controlled loadings. Additionally, due to its variable-speed characteristics provided by a
controlled torque from the direct drive generator, the power losses before rated wind speed can
be reduced. This is because of longer operations in the region of the optimal tip speed ratio.

In comparison to all further discussed advanced turbine concepts in this report, the here briefly
described robust design can be solution for coming offshore wind farms without recurring to any
advanced operational and dynamic control systems. Especially for offshore wind farms far away
from shore, such a system design for maximized RAMS can be a competitive solution.

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5. Load mitigation concept analysis at operational
control level
In the following Chapter, several concepts for load mitigation in the operational control level are
introduced. These concepts include already available turbine operations in order to reduce
overall loading. The shown concepts just give an overview of possible options and could be
extended.

5.1 Rotational speed window
As explained in Chapter 2, the design ranges for support structures are important from a
dynamic point of view. In general, most bottom-mounted support structure concepts are
designed for the soft-stiff design region, which is between the 1P and 3P of the rotor speed
range. An example of such a design is shown in Figure 5.1, where a support structure is
designed for a first eigenfrequency of 0.22 Hz (here named as old design). In many cases the
support structure‟s eigenfrequency does not coincide with the prediction as illustrated in Figure
5.1 as new design. This can happen due to changes in the foundation properties, such as scour
holes, or simply due to errors in the soil measurements performed prior to the support structure
erection, on which the design was based. This means first of all that the design moves into the
high energy range of the wave spectrum, as illustrated in Figure 5.1 for a typical wave spectrum.
This will cause higher excitation from the hydrodynamics. But beside that, the eigenfrequency
falls within the 1P rotational speed range, which means that at some operational points the rotor
will operate at the same frequency as the first eigenfrequency of the support structure. The
result is that the support structure can vibrate at an unacceptable level and the loading in the
structure will increase.


Figure 5.1: Frequency ranges for different support structure designs


Such a resonance can also be shown using a Campbell diagram, see Figure 5.2. The Figure
shows that for the first design (here named as old design) the first support structure
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eigenfrequency was well distanced to important rotational frequencies, such as 1P, 3P, 6P or
9P. But for the new case (here named as new design), where the eigenfrequency of the support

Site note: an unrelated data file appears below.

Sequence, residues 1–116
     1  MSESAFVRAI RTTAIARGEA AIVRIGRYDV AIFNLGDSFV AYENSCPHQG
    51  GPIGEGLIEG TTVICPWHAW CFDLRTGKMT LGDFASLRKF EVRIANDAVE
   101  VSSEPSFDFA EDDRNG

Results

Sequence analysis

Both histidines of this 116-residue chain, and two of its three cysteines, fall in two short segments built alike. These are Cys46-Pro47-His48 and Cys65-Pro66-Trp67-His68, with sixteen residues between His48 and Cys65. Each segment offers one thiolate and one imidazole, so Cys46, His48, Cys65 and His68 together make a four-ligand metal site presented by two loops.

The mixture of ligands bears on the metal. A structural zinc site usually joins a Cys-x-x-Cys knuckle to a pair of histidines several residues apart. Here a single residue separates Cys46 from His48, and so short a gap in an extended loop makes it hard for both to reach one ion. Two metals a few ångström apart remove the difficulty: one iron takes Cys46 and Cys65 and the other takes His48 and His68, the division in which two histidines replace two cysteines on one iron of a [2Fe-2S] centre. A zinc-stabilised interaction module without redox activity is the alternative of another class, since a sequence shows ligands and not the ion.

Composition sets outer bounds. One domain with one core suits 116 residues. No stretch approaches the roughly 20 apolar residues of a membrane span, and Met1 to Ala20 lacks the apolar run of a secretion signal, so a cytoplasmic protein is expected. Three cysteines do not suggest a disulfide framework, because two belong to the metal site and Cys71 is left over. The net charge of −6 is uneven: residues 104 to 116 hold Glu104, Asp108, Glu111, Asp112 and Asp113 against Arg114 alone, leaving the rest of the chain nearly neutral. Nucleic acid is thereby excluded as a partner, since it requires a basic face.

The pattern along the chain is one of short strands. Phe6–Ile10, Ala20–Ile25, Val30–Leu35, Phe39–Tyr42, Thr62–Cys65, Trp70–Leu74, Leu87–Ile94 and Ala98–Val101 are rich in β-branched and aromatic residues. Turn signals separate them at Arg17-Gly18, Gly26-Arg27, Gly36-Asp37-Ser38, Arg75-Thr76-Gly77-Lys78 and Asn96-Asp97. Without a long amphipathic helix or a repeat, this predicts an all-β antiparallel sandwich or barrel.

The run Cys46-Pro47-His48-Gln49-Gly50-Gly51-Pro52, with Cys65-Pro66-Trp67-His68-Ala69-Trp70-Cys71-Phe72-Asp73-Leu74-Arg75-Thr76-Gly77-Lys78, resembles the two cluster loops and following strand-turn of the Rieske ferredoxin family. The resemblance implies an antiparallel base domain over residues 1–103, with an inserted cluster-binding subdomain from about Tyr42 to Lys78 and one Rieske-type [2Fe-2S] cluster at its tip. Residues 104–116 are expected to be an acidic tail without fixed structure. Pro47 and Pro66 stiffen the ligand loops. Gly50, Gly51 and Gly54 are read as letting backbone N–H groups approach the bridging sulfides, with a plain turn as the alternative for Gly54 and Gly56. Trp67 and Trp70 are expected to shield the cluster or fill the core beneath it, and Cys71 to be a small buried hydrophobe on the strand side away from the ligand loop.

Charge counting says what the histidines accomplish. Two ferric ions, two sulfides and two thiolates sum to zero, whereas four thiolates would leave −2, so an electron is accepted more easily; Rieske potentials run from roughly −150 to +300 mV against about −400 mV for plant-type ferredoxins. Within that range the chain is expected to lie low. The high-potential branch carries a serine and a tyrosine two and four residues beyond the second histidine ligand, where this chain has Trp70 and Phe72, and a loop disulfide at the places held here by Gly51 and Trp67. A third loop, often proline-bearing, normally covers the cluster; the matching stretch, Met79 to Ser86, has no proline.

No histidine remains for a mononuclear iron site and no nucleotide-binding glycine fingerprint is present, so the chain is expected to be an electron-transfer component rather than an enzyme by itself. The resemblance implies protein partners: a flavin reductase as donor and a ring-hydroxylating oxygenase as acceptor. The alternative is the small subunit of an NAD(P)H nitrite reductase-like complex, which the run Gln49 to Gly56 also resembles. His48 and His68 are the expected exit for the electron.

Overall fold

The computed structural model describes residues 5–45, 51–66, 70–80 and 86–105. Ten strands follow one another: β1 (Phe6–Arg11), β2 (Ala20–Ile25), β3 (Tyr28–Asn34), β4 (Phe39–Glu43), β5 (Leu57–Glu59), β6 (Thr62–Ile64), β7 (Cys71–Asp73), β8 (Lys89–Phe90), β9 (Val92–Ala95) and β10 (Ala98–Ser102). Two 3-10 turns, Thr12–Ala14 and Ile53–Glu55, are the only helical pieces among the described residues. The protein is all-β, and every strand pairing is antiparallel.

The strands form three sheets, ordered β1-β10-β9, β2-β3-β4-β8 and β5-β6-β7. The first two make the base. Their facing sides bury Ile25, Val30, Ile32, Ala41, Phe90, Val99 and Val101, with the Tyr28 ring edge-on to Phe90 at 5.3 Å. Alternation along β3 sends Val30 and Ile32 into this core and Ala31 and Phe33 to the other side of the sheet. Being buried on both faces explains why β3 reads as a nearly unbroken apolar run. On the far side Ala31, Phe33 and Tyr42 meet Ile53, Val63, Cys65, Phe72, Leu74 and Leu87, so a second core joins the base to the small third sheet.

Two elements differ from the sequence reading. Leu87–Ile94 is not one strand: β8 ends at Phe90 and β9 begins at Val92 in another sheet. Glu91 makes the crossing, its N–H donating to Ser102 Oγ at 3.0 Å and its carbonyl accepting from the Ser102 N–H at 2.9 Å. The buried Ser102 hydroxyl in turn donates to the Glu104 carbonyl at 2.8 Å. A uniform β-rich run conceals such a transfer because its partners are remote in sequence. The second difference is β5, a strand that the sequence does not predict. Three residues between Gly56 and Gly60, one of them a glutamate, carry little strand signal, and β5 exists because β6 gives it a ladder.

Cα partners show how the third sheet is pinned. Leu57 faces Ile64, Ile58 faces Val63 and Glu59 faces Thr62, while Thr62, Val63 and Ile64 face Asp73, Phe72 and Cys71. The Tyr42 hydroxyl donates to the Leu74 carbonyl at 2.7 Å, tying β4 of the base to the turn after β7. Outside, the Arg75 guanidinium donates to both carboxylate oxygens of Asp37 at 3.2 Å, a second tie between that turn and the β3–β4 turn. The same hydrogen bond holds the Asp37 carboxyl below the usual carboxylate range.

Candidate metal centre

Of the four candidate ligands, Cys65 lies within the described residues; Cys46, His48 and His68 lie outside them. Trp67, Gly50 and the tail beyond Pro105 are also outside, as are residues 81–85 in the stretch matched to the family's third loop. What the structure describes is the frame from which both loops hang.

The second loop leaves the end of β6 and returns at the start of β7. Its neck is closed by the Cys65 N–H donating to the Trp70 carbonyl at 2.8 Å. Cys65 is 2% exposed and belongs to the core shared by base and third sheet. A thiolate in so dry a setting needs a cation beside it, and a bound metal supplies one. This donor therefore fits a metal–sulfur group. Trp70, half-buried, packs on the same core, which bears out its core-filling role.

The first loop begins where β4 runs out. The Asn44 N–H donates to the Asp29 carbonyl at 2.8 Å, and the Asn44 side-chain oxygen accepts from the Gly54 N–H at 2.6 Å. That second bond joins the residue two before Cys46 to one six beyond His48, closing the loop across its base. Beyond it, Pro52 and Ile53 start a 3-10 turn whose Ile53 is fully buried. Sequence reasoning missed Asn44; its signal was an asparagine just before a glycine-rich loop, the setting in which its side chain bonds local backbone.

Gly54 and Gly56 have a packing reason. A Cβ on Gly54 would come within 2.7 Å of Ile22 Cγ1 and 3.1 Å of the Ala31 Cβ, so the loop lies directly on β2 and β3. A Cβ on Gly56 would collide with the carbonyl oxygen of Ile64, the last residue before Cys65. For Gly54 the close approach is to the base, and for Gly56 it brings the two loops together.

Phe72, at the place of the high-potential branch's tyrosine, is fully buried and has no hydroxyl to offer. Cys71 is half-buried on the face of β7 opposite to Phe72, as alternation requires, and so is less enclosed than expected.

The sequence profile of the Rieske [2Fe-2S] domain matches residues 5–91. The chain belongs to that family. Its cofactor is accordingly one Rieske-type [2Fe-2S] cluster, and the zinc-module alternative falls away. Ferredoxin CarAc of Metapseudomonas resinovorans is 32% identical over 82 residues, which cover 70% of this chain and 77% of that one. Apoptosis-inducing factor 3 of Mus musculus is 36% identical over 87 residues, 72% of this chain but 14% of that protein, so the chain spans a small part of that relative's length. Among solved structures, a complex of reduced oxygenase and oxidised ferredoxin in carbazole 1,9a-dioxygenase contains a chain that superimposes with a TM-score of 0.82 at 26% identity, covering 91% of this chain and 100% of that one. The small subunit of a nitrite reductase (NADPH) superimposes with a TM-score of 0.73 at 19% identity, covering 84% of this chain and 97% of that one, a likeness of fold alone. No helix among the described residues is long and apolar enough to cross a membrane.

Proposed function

structure decreased from 0.22 Hz to 0.17 Hz, as an example, at the rotor speed of 10 rpm
resonance would occur. In Figure 5.3, the effect is shown for the fore-aft bending moment of the
support structure at the mudline in the frequency. It can be seen that in the case of a resonance
at 0.167 Hz, the loading is increased clearly at the frequencies of 1P, 3P and 6P.

An operational control solution for such a resonance case in the variable speed region is the
concept of a rotational speed window. Figure 5.4 illustrates the generator speed versus
generator torque curve of an exemplary 5 MW turbine design (see Appendix A), which is a
variable-speed and pitch-controlled design.

Figure 5.2: Campbell diagram for different support structure designs


The curvature shows that for a certain minimum speed, here at 670 rpm generator speed, the
controller ramps up from point B to C in order to match the optimal power coefficient line, where
the variable-speed controller then tracks the curvature for optimal operations. In the original
controller this would be done until a certain point F is reached, where the rotor speed is kept
constant and hence the optimal tip speed ratio is no longer held until the rated power is reached
in point G. In point G the pitch controller takes over in order to maintain the rotational speed and
torque by pitching the blades.

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Figure 5.3: Spectral desity for the support structure fore-aft bending moment at mudline at V=8.7 m/s (here chosen to
achieve turbine operations at the resonance frequency at 10 rpm)


In a resonance case within the variable speed region, as shown in Figure 5.4 again for a critical
frequency at 10 rpm rotor speed or 970 rpm generator speed for the given turbine with a gear
box ratio of 1:97, an exclusion zone for this speed can be included. In general, a safe exclusion
range of +/- 10 % of the critical speed value is taken as standard in the industry in order to take
uncertainties in design conditions into account. This zone is then centred around this 970 rpm
generator speed value, which in the given example corresponds to the first support structure
eigenfrequency being in resonance. Below and above this centred frequency, new operational
ranges are included. Each region is bound by a certain rotational speed value. In the case
where the rotational speed increases from a low value and tends to pass the resonance, here
for example point C to point F, the lower bound of the rotational speed window will keep the
rotational speed constant as soon as the bound is reached with the result of an increase in
generator torque (here point D to D‟). When the torque demand exceeds the value of point D‟ for
a certain time the boundary point of the rotational speed is smoothly ramped down from D‟ to E‟.
Due to this the torque will follow and will be reduced by the controller respectively. The result is